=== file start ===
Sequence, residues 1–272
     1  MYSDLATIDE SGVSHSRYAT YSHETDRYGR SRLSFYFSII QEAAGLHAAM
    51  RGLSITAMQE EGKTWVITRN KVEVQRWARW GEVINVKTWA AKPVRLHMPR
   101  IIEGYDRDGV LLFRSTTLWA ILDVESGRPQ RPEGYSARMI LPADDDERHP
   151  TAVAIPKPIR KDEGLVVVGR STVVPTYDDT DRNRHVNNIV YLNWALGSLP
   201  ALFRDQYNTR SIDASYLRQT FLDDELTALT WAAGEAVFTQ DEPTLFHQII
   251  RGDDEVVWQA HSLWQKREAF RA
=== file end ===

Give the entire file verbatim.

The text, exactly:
Sequence, residues 1–272
     1  MYSDLATIDE SGVSHSRYAT YSHETDRYGR SRLSFYFSII QEAAGLHAAM
    51  RGLSITAMQE EGKTWVITRN KVEVQRWARW GEVINVKTWA AKPVRLHMPR
   101  IIEGYDRDGV LLFRSTTLWA ILDVESGRPQ RPEGYSARMI LPADDDERHP
   151  TAVAIPKPIR KDEGLVVVGR STVVPTYDDT DRNRHVNNIV YLNWALGSLP
   201  ALFRDQYNTR SIDASYLRQT FLDDELTALT WAAGEAVFTQ DEPTLFHQII
   251  RGDDEVVWQA HSLWQKREAF RA